As artists form communities, they can also effect change in the world. Citizen artist Elizabeth A. Jabar writes how, on a daily basis, she asks “What do the times require of us?” Jabar believes that a constant questioning of “how actions and practices of teaching and making art” can impact the world will make it a better place. What she terms “creative action” is at the intersection of reflection and activity and is meant to usher “a new way of being in the world.” Central to such pursuit is the creation of a sense of community, a “process of bridging and belonging” that allows for “social healing.” Jabar creates “resilient community platforms” that open up relational spaces in which art making and dialogue take place and participants, especially those from diasporic communities, are “seen, heard, and celebrated.” Likewise, the artists participating in ARRT! and LumenARRT! are activists and we read about their thoughts and experiences. For Nora Tryon, activism affirms bonds and connections, and collaboration is nurturing. For Christine J. Higgins, the collaborative process is one that breeds open-mindedness and personal growth and the work created is put to the service of organizations she believes in. Mary Weiss contributes photos and the memories that accompany them, for instance her delight at seeing a banner engaging a very young activist. For Lee Chisholm, the process is as valuable as the results. Ann Thompson marvels at the energy and the synergy sparked by a painting session and Anita Clearfield summarizes the experience in a caption to a photo: “that’s community in action.”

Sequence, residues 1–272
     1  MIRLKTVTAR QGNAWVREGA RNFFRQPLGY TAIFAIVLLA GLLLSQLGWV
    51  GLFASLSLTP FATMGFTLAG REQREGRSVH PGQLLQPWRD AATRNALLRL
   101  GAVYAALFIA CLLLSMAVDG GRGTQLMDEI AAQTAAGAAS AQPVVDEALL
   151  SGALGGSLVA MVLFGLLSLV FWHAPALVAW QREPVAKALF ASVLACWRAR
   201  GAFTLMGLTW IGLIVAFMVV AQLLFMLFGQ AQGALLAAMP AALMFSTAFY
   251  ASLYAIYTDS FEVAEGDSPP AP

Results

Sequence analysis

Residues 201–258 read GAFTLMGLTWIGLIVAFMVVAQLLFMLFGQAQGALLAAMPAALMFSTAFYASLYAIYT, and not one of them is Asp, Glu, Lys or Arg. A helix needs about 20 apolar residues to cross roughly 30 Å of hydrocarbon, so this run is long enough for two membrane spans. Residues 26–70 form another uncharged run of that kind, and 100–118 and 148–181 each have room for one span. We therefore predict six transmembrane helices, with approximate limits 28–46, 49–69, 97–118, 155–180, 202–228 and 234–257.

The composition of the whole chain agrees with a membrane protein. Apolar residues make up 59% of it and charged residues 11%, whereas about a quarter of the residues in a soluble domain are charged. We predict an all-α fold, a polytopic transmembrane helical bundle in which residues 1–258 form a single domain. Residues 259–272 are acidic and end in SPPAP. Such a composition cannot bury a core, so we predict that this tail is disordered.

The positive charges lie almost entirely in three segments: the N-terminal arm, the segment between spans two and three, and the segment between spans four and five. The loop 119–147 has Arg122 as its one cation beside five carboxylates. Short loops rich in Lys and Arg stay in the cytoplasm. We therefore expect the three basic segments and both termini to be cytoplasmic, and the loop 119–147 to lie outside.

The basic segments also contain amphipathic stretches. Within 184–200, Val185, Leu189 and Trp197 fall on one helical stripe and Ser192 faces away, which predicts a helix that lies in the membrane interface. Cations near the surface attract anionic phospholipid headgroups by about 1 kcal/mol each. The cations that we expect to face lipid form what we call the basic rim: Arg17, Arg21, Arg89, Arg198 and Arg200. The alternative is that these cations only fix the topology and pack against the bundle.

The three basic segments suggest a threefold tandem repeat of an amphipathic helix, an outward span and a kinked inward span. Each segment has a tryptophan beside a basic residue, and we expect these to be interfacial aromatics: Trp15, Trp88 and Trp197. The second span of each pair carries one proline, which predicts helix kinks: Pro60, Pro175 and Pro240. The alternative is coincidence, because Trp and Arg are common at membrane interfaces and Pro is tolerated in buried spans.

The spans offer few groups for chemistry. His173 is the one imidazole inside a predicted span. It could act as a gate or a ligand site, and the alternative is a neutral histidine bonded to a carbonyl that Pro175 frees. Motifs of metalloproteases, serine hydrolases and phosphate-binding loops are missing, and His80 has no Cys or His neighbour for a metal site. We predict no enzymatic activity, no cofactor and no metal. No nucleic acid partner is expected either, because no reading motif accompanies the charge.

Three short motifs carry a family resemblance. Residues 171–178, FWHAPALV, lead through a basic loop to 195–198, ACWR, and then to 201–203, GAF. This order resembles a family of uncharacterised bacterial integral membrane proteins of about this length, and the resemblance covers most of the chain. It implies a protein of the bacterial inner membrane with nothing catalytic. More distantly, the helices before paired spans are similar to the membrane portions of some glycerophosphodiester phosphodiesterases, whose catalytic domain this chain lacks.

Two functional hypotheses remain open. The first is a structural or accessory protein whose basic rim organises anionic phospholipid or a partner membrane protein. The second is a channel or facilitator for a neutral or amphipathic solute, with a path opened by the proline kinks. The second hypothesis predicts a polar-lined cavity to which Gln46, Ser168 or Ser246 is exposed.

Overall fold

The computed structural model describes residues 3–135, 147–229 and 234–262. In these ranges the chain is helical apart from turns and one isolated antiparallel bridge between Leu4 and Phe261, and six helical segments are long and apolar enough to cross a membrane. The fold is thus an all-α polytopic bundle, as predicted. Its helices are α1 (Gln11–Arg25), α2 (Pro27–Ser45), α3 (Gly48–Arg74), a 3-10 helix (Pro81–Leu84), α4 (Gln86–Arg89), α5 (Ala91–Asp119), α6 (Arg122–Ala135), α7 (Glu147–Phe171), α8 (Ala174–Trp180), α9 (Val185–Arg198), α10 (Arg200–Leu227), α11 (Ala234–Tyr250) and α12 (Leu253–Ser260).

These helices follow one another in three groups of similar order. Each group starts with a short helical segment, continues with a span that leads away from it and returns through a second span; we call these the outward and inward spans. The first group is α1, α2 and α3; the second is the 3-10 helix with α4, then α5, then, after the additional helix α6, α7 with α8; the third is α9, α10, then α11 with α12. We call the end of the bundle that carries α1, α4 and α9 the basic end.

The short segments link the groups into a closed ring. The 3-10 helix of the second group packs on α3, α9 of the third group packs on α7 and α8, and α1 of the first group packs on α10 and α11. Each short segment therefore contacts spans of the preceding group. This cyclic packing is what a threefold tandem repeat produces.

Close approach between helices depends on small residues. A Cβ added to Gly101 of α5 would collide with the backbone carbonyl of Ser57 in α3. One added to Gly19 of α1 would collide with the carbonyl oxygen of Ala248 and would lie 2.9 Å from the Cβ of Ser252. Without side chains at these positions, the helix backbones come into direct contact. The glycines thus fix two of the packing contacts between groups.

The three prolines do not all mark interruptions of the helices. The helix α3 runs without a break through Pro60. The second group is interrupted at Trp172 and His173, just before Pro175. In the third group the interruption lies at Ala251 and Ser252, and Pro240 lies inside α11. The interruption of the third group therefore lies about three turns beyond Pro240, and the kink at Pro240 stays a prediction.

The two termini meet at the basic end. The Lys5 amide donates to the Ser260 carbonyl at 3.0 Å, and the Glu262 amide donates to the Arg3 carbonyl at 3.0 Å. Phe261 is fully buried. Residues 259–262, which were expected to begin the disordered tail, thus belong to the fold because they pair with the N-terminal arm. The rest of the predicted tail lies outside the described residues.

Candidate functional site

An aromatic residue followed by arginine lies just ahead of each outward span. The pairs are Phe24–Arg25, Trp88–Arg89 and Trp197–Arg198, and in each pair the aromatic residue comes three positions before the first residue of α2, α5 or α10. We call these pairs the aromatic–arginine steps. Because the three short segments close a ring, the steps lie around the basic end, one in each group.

Further afield, during a residency in the Italian “ecovillage” of Torri Superiore, Marguerite Kahrl created permanent outdoor installations. Her work was meant to “engage the community, build upon their resources, and to activate place and dialogue between art, craftsmanship, and architectural history of the medieval village.” Kahrl’s project involved what she calls “relational nests,” ceramic sculptures welcoming migratory birds and their eggs. But the nests didn’t only impact the avian population as the project was carried out with the help of the local community and this, as Kahrl says, functioned as “a restorative gesture,” that underscores “our relationship with each other and the ecosystem surrounding us.” Environmental awareness is also central to the Gulf of Maine EcoArts, a group of artists-activists, whose “mission informs art with science, science with art, to promote stewardship and activism for worthy environmental causes.” Lee Chisholm discusses how EcoArts promotes its vision, aimed at the “world’s human community,” through exhibitions created in partnership with cultural, educational, and scientific institutions. In a second piece, Chisholm reflects on EcoArts’s collaborative process and how projects are carried from conception to fruition “as though the spirit of the common ideal was at work behind the artists.” ”Like trout snapping up mayflies during an early summer hatch, new ideas have tended to appear suddenly and spontaneously out of the depths, stimulated by the energy of our collective concentration. The ideas come from all of us.”